The small nation of Armenia, wedged between the Slavic nations to the north and Turkey and Iran to the south, has the honor of being the world’s oldest Christian state, with a population that has somehow managed to remain largely outside of the Muslim sphere for the better part of fourteen centuries. The Bishopric of Armenia was the first major Christian institution to be officially sanctioned by a state in 309 AD, and the city of Echmiatsen has been the spiritual center for Armenia’s Christian community ever since. The city’s cathedral is one of the oldest in the world, and houses numerous treasures, including artifacts associated with the Crucifixion and Noah’s Ark. The Cathedral of Echmiatsen is part of the Echmiatsen UNESCO World Heritage Site.
Armenia has a long and rich religious history that ties it closely to both the Old and New Testaments, despite the fact that it lies some distance to the north of the traditional Biblical lands. Many of the Bible’s earliest stories are believed to have taken place in and around Armenia, which was probably a major center of civilization before the Flood. The mountain believed to be Ararat of the Noah story is located in the heart of traditional Armenian lands. Although today it is on the Turkish side of the border, Mount Ararat still dominates the skylines of the Armenian cities of Echmiatsen and Yerevan.
Although ancient Armenia was conquered many times over the centuries, it always managed to quickly drive out or at least culturally absorb its occupiers. This was true even during the days of the Roman Empire, when Armenia remained nominally independent of both the Romans and the Sassanids. It is perhaps for this reason that Christianity was better received in Armenia than elsewhere. Christian persecutions were rare in Armenia, and many refugees from the east found sanctuary there. In 309 Christianity was recognized as the official state religion of Armenia, after which the majority of the people converted.
Two years later, Gregory the Illuminator established a church in Echmiatsen after a vision directed him to do so. This church, built on the site of earlier pagan temples, soon became the seat of the nation’s bishopric. Although Armenia’s capital would later move, Echmiatsen remained the ecumenical center of the Armenian Church. A much larger Cathedral was built in the 6th century. Throughout this period, though Armenia remained closely tied to the Byzantine Empire, its Christians were largely independent of foreign patriarchal authority. Armenia’s history from the advent of Islam through the Ottoman period was nothing short of miraculous. Begining with the Arabs in the 7th century, a parade of Islamic empires occupied the region, including most of the Turkish dynasties. Despite this, its Christian population remained almost intact. Nowhere else in the Muslim world did such a large Christian community survive so completely.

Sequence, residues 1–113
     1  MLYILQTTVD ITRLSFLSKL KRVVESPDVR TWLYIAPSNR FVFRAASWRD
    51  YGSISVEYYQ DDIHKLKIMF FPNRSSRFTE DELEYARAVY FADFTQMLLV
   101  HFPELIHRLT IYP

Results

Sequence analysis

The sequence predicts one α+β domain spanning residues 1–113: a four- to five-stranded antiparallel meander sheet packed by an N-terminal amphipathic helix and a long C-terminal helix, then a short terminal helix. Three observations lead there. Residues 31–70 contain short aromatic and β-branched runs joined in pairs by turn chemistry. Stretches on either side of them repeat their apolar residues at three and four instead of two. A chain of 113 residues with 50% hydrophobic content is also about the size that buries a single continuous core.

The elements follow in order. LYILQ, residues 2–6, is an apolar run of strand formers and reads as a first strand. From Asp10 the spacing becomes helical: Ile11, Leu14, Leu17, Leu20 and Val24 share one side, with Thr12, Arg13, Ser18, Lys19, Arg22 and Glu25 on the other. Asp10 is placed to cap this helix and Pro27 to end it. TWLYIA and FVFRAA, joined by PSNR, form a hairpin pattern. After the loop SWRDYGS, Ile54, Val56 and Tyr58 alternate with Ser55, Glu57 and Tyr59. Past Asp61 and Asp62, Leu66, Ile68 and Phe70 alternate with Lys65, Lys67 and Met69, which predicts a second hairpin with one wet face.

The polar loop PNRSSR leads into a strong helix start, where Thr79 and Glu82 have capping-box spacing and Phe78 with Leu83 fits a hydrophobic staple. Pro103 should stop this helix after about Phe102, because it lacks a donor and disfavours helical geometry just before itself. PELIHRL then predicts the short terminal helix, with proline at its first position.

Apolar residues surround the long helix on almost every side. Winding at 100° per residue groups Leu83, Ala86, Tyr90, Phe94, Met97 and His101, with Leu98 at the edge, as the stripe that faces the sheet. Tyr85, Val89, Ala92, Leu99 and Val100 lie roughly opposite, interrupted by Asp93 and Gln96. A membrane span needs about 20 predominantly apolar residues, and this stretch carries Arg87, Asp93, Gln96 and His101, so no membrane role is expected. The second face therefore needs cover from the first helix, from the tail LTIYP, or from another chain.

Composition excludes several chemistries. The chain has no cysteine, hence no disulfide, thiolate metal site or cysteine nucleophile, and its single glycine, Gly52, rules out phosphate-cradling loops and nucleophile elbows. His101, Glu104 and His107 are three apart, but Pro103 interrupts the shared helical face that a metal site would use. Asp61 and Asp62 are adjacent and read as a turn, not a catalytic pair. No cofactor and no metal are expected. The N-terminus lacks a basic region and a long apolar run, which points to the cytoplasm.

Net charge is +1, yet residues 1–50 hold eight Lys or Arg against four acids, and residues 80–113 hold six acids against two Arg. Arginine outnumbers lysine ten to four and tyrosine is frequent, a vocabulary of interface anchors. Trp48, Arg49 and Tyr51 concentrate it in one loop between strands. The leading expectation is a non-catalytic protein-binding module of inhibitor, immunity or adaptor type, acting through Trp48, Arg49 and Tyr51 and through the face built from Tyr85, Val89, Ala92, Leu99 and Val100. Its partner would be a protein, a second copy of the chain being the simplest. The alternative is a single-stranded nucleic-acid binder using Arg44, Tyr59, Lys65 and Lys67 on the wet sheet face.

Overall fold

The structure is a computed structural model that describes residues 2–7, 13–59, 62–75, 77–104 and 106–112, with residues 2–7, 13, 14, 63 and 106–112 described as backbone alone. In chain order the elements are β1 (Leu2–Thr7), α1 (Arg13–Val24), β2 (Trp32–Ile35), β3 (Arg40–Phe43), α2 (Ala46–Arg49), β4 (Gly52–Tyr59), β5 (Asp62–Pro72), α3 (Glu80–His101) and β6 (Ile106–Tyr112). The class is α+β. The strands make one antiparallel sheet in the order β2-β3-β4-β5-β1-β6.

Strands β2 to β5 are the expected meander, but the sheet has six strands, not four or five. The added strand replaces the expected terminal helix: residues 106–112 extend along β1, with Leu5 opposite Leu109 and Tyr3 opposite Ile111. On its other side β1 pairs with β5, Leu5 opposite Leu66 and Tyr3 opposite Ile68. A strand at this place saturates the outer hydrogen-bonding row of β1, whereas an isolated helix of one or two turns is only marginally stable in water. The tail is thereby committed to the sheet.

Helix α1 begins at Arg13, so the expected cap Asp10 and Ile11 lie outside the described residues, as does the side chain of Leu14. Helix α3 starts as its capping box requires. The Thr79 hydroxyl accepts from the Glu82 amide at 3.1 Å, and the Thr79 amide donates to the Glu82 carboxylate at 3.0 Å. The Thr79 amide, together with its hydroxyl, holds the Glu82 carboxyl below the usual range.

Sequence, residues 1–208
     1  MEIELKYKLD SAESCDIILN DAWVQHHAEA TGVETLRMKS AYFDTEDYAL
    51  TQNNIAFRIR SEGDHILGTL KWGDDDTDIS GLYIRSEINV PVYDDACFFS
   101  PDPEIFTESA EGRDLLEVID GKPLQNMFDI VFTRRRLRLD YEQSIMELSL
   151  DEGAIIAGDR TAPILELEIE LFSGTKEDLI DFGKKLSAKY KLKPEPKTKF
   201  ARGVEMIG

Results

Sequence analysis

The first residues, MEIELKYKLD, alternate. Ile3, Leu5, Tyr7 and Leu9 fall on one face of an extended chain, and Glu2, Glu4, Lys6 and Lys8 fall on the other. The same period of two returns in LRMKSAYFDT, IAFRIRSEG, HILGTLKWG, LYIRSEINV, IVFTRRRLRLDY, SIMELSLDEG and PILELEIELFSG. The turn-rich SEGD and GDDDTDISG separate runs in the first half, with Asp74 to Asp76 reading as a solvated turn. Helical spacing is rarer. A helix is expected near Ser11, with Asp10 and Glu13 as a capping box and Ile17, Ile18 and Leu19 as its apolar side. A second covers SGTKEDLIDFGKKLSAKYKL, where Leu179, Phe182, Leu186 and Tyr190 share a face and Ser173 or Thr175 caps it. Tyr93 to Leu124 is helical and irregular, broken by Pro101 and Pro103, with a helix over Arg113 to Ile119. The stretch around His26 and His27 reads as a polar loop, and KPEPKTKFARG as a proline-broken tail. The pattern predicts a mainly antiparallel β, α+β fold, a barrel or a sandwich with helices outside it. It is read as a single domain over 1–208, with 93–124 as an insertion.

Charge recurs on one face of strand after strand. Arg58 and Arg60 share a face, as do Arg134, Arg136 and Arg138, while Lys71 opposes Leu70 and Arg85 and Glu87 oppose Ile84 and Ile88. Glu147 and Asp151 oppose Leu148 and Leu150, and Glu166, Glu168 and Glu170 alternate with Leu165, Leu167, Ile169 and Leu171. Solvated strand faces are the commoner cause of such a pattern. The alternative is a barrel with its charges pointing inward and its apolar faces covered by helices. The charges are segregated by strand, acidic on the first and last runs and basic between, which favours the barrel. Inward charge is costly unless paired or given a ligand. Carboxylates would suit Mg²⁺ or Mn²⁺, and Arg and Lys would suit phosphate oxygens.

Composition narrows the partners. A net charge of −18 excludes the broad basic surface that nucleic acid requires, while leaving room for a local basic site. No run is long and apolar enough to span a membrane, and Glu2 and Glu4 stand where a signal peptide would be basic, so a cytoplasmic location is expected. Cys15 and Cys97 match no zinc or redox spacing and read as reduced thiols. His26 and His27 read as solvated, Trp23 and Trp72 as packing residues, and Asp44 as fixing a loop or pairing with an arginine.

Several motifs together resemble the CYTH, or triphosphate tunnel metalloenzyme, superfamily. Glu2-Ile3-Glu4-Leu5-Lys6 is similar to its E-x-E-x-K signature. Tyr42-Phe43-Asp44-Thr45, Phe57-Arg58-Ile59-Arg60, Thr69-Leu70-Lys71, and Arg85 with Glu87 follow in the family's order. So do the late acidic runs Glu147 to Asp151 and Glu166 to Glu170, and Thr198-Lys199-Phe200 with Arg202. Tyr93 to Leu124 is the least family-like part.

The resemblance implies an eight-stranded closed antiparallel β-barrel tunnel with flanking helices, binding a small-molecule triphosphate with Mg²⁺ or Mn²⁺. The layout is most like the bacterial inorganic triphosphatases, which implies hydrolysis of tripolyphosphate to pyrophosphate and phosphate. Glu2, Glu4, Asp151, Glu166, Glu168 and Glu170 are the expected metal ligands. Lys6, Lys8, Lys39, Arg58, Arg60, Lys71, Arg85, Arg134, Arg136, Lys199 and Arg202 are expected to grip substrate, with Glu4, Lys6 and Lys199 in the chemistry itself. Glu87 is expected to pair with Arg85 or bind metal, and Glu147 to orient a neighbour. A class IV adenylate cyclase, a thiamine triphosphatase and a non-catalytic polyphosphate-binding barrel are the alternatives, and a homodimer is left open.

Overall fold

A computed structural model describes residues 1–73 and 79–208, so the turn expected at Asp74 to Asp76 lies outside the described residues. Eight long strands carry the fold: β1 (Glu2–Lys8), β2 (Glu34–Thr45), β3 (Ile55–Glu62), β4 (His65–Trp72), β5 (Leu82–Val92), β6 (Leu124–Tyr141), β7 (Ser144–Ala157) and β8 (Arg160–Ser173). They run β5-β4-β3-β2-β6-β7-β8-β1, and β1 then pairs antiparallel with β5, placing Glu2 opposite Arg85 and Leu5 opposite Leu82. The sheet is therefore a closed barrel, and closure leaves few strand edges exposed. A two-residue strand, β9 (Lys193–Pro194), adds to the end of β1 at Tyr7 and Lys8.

It was only at the very end of the Ottoman imperial period that the Islamic world seemed to take notice of the large Christian enclave in its midst. Unfortunately, many Armenians were killed at this time in the largest purge of Christians since Roman times. Many fled and found sanctuary within the borders of the Soviet Union after 1918, but the surviving Armenians in Turkey were severely persecuted. Fortunately many of the sacred sites of the Armenian heartland, including Echmiatsen, survived the turbulent period. The Cathedral of Echmiatsen remains the seat of Christian authority in Armenia, and is now an Oriental Orthodox Patriarchate. The cathedral with its sacred treasures is the most venerated Christian site in the country.
The Cathedral of Echmiatsen is one of the world’s oldest churches, with part of its construction dating back to the 4th century. However, the majority of the structure dates to the early 6th century, although there have been many additions and renovations over the years. The ancient style borrows somewhat from the Byzantine but is otherwise uniquely Armenian. The original main building in the center appears more like an old Roman fortification rather than a church. Overall the cathedral is on the small side. The unusual central tower is crowned with a conical roof rather than a dome.
The cathedral’s interior appears even smaller than the outside suggests, largely because much of it is devoted to non-worship use. Specifically, the building houses a museum in which many interesting pieces of artwork and artifacts are displayed. One of the cathedral’s architectural curiosities is an ancient fire-pit from the site’s earlier incarnation as a pagan temple. It has been preserved and is located near the altar. Among the cathedral treasures is the spear that is believed to have pierced the side of Christ as he was being crucified. Another is a hunk of wood that supposedly belonged to Noah’s Ark. Interestingly, carbon dating of the wood dates it at several thousand years old, which might match it to the Biblical timeline.
The Cathedral of Echmiatsen is located not too far from the Patriarchal seat of the Armenian Orthodox Church, a short walk from the city center. As of this writing, no visitor information was available concerning hours or admission. Web: www.armenianchurch.org (official website)
Armenia has a long tradition as a monastic center, and boasts some of the finest ancient churches and monasteries still in use in Central Asia. Among these are the Church of St. Gayane and the Church of St. Hripsime, both of which date from the early 7th century. Echmiatsen also boasts the very ancient Geghard Monastery and Khor Virap Monastery. Also nearby is Mount Ararat which dominates western Armenia and looms ominously over the surrounding plain.
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